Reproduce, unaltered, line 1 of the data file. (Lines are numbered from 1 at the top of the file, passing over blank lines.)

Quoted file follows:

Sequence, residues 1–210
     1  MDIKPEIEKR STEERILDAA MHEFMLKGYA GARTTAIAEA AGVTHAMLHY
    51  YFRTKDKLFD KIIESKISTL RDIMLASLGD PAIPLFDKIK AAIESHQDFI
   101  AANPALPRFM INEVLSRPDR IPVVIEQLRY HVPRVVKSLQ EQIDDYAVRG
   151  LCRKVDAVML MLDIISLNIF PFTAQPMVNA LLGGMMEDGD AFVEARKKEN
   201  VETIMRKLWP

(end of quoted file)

Sequence, residues 1–210